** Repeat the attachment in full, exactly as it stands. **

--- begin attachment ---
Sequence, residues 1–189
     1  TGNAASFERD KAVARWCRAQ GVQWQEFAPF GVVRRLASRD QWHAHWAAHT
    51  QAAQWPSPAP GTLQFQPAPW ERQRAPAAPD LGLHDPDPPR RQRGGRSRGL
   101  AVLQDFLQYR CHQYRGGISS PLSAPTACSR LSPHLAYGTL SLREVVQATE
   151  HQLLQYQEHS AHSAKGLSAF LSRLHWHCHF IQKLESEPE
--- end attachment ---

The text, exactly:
Sequence, residues 1–189
     1  TGNAASFERD KAVARWCRAQ GVQWQEFAPF GVVRRLASRD QWHAHWAAHT
    51  QAAQWPSPAP GTLQFQPAPW ERQRAPAAPD LGLHDPDPPR RQRGGRSRGL
   101  AVLQDFLQYR CHQYRGGISS PLSAPTACSR LSPHLAYGTL SLREVVQATE
   151  HQLLQYQEHS AHSAKGLSAF LSRLHWHCHF IQKLESEPE